There are plenty of hazards in all types of freshwater angling – river, lake, dam, spinning from a canoe and trolling from a boat. But by following some simple safety tips and using common sense, most accidents can be avoided. Just that in the same way you think carefully about what gear to use, you should apply the same consideration to safety.
Leave a plan of your route and schedule with your family or the police or local rangers. Take some emergency supplies such as a space blanket, water, fire starter, compression bandage and emergency food.
Fish with a mate or two.
Having someone nearby makes good sense in case of accident or injury.
Be careful of what you wear in boats.
Clothing should be as light as possible while still maintaining necessary warmth. Wear a bouyancy vest. Waders can be lethal in boats. Many angling tragedies in recent years have been caused by anglers drowning when wearing waders in boats. DON’T risk your life by wearing waders in a boat.
Check the weather before setting out.
Prepare yourself well for all the likely conditions ahead and know what you might be getting into. Check online or radio weather forecasts and ask locals for advice.
Take a communication device.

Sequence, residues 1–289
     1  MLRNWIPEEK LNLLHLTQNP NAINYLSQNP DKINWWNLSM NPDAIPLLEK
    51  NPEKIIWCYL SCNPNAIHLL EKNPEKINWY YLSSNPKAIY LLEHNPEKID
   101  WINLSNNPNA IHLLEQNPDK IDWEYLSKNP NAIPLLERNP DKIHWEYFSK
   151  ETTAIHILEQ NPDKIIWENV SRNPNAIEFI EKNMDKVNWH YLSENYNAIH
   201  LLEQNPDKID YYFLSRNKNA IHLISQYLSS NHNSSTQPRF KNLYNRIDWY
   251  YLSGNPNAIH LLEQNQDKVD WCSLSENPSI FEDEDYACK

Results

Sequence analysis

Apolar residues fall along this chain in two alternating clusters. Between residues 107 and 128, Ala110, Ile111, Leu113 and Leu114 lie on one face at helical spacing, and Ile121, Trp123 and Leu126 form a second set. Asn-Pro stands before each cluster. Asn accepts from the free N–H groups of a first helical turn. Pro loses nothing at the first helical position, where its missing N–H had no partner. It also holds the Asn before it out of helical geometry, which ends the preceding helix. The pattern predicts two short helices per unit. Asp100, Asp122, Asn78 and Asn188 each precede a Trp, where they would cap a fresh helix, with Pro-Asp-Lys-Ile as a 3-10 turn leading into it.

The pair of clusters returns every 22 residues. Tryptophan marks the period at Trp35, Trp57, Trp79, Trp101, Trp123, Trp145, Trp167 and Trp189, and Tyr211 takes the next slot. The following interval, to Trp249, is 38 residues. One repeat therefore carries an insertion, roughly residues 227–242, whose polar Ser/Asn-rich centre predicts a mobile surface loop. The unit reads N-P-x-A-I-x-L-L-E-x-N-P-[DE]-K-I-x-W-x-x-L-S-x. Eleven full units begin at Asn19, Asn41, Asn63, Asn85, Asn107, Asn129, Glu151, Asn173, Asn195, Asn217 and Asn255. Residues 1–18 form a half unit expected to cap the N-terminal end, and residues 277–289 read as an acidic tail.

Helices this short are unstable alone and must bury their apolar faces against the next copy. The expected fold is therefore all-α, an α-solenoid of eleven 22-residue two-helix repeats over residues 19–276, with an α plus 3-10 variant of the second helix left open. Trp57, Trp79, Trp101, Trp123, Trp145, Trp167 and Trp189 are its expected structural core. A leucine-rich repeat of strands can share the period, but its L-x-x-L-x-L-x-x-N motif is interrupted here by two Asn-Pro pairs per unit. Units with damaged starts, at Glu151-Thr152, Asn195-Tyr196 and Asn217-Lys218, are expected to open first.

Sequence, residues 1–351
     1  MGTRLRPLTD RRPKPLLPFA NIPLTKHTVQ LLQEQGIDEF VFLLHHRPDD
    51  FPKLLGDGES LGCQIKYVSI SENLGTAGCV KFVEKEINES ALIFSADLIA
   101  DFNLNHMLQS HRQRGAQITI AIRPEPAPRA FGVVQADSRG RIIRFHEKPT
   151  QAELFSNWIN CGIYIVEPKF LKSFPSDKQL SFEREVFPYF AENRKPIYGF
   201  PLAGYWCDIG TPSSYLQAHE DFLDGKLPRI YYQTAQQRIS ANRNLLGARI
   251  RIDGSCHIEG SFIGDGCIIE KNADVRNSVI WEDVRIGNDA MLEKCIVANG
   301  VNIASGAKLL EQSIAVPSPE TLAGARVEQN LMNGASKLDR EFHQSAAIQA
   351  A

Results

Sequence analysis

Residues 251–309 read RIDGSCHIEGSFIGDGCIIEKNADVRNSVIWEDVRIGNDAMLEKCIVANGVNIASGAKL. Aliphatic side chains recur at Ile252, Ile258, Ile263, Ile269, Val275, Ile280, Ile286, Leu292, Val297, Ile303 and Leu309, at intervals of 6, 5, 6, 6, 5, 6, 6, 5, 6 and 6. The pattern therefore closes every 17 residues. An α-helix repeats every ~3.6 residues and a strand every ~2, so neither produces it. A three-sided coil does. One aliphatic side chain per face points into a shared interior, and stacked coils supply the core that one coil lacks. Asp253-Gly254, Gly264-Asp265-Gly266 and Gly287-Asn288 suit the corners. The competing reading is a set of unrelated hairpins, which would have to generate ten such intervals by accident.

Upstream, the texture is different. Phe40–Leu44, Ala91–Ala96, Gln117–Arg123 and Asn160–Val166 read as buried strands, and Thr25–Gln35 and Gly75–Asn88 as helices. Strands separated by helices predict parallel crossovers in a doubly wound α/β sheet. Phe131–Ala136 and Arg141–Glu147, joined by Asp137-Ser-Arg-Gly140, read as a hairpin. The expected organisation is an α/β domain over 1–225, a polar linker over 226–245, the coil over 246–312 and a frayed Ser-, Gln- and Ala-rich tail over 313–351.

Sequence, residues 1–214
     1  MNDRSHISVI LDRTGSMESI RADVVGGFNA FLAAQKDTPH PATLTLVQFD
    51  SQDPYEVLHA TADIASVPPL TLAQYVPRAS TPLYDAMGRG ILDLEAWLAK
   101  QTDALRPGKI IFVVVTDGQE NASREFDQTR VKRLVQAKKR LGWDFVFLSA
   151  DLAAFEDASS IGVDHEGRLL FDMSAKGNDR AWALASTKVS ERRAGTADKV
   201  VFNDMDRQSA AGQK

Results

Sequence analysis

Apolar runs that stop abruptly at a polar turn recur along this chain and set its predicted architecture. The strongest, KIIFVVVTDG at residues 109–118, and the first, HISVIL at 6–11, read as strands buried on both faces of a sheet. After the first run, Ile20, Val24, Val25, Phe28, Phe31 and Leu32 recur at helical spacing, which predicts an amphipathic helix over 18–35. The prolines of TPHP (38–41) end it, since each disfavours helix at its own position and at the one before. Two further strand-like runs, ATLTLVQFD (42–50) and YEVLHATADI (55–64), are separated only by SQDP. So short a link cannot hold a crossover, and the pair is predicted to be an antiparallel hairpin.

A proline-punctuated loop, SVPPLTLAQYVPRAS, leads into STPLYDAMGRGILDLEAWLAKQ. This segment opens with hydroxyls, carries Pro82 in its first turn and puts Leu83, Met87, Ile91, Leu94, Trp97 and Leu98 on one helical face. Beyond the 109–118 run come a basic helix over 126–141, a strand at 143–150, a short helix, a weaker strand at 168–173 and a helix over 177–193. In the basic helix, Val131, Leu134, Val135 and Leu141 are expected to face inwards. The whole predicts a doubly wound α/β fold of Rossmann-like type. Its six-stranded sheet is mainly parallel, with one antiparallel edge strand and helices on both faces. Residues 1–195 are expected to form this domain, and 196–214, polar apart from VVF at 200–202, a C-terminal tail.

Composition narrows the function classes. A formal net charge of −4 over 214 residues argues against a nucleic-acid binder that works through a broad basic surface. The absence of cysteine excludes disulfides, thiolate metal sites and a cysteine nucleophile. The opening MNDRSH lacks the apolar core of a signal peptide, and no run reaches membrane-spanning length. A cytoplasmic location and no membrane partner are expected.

A mobile phone is a good stand by if you’re within range. No matter who you’re with, 112 will connect you with emergency services. Consider buying or hiring an emergency beacon for back country trips.
Don’t get lost.
Know how to read a map, use a compass and a GPS. Plan your trip, check your location frequently. Know where you are in case you have to be rescued.
Be careful in boats, especially in alpine impoundments.
Don’t overload your boat. Keep your boat maintained well and know how to handle minor breakdowns. Keep a good lookout for rocks, submerged trees and snags. Stick to a safe speed. Be aware of other boats, especially smaller boats, and reduce your wake. Know the rules of giving way and obeying navigation buoys. Drinking and boating don’t mix – save your drinking for the end of the day.
Watch out for snakes.
So while you don’t want alert the fish to your presence, give the snakes a heads up by walking heavy and look ahead. Carry a compression bandage and know how to use it.
Know how to treat an injury and even save a life.
Download the CPR animation from the Australian Red Cross and consider doing a first aid course. Organise a first aid course for your fishing club.
On a fishing trip, one of your biggest risks is just getting there in one piece. Take it easy on country roads, watch out for roos and farm animals, do a 4WD course if you plan to do a lot of off-roading.
Don’t fish in electrical storms.
Put your rod down, get out of the water, take cover but not under the one and only tree, get in hollow, stay away from high ground.